1990 BMW 535i
The Japanese artist, Matazo Kayama, was presented with a six cylinder in-line engine, 211 bhp BMW 535i to serve as a fresh canvas for his creation. He based his Art Car design on a contract piece done for Tokyo National Museum of Arts. However, by using airbrush techniques he was able to produce a completely new interpretation of the original theme — “Snow, Moon and Cherry Blossoms.”
Kayama used typical Japanese techniques such as Kirigane (metalcut) and Arare (foil printing). Having completed the Art Car the artist had this to say: “I only became completely aware of the clarity in the lineal design of the BMW after having seen the car in its new coloured robes.”
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Matazo Kayama | Japan
Born in Kyoto in 1927, Matazo Kayama studied painting and traditional Japanese arts before exhibiting his works for the first time in 1949. Just one year later he won the Research Society Prize, and in 1951 the New Artist Prize as well as other distinctions. He subsequently experimented with animal motifs for several years before turning to “byobu” illustrations, the artistic decoration of special folding screens, in 1965.
By introducing modernism into the realm of traditional art, Kayama helped to establish a new form of expression in Japan. In 1978 he won first prize in the Japan Fine Arts Grand Prix and completed the work “Snow, Moon and Flowers,” commissioned by the National Museum of Modern Arts.
In 1984 he completed two of his best-known works: a decorated ceiling in Chinese ink entitled “Dragon” and an illustrated 16-section screen. Both now adorn the Koujoni temple in the Minobu Mountains. His most recent works range from jewelry to works in metal and the interior design of Jumbo Jets and luxury steamers, proof of the diversity of Kayama’s creative abilities.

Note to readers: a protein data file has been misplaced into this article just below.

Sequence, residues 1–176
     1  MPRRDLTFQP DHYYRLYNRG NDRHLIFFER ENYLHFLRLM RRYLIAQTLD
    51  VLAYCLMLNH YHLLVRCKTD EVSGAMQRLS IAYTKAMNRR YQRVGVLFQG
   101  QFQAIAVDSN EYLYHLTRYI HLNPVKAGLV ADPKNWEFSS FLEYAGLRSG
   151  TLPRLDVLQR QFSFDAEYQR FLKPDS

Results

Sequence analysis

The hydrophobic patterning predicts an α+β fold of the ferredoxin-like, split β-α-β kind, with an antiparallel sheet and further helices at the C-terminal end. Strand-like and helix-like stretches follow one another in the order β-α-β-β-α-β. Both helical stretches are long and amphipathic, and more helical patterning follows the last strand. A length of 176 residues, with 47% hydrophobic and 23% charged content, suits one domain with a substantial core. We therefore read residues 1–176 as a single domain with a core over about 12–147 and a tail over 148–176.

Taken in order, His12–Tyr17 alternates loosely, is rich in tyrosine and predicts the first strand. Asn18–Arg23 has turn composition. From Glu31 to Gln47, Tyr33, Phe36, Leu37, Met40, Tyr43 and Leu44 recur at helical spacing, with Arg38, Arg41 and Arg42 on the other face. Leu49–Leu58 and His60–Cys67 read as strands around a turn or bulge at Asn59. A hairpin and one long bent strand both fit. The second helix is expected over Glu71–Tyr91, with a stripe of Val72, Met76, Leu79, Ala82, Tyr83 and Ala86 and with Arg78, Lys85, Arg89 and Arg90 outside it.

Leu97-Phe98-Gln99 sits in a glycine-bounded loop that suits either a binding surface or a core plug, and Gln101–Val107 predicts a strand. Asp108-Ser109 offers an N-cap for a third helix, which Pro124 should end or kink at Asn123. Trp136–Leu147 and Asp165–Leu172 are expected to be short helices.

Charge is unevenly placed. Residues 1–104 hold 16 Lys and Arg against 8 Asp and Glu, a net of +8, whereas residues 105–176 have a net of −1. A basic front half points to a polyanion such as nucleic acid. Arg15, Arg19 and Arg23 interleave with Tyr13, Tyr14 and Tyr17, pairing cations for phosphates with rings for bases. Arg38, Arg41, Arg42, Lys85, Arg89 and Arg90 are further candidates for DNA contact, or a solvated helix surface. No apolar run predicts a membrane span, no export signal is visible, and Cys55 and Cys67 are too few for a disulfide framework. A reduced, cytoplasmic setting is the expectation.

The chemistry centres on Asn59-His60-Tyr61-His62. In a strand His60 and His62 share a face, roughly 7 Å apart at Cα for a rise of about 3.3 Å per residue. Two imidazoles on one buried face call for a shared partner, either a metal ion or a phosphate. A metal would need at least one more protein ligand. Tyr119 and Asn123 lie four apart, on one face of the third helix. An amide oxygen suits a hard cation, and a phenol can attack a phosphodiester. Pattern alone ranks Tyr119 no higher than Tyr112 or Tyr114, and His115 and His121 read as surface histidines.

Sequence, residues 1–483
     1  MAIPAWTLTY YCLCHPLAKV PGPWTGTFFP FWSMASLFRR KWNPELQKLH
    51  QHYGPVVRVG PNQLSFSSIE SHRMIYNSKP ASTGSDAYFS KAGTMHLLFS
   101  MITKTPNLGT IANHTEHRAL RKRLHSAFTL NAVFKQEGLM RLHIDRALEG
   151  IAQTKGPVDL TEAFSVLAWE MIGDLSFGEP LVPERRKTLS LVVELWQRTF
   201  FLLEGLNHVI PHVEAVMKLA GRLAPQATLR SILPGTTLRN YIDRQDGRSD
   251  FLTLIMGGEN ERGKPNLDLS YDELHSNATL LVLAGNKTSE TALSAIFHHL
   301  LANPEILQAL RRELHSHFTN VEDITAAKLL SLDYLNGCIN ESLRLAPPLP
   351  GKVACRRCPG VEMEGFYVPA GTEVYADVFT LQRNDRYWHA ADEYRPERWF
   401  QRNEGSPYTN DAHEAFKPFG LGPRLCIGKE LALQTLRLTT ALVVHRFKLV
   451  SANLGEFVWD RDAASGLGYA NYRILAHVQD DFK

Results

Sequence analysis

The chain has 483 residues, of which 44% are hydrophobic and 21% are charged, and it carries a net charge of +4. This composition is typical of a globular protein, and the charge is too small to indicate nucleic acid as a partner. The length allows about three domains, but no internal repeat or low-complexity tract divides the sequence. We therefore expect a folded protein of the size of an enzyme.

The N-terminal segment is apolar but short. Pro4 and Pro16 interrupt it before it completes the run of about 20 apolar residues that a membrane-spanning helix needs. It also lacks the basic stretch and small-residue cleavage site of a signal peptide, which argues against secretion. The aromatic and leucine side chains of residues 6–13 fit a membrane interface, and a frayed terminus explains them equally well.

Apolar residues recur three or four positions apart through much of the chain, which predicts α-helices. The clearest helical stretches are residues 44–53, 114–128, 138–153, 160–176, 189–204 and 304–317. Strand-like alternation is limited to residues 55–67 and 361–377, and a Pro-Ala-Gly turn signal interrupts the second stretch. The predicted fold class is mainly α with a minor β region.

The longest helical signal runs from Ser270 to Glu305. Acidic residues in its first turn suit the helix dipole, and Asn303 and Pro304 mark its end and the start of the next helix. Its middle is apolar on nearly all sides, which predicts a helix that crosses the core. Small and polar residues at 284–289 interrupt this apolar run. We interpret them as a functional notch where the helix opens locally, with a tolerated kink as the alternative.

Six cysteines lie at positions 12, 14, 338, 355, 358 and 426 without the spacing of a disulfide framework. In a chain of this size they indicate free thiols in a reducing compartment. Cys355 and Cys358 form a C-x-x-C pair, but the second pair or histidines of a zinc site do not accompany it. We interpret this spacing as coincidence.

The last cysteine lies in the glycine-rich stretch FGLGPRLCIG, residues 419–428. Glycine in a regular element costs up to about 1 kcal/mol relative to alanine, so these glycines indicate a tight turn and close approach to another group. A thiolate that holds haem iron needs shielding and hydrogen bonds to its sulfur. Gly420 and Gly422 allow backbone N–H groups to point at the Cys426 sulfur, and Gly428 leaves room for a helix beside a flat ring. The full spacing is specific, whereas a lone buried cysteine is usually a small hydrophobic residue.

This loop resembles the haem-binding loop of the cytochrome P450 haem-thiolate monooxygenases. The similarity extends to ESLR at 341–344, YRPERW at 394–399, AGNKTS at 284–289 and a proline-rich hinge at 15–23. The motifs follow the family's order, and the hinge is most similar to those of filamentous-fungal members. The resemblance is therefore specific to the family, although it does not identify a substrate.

1990 BMW 535i
- 6-cylinder inline engine
- Overhead camshaft
- Displacement: 3,430 cc
- Power output: 211 bhp
- Top speed: 227 km/h
Matazo Kayama and the BMW Art Car
Like many BMW Art Car artists before him, Matazo Kayama saw in “his” BMW a fascinating and challenging scope for design. When he was commissioned by BMW, he immediately had ideas for the design: on the one hand he wanted to express his fascination with BMW technology and on the other evoke vivid associations with modern Japan.
Although Kayama here reverted to his earlier theme “Snow, Moon and Flowers,” he painted it in a totally new way using an airbrush: first of all he sprayed fine blue shadows on parts of the silver BMW exterior to highlight the contrast and to emphasize the elegant quality of the car.
This was followed by classical, meticulous Japanese techniques such as “Krigane” (metal cutting) and “Arare” (foil impression) where small pieces of silver, gold and aluminum foil were cut out and transferred to the bodywork.
“The clean lines of the BMW came clearest to me once the car was fully masked.”— Matazo Kayama
After finishing the work, the artist confided that a particular difficulty of the artistic design was that he could hardly visualize his work as a whole because of the three-dimensional nature of its surface. He was all the more pleased with the aesthetic effect of his BMW Art Car once it had acquired the status of a work of art in its own right.
Kayama did not intend his Art Car for racing or road travel, but predominantly as an artistic exhibit. This decision meant that he was able to design the car using the effective but delicate Japanese foil impression technique.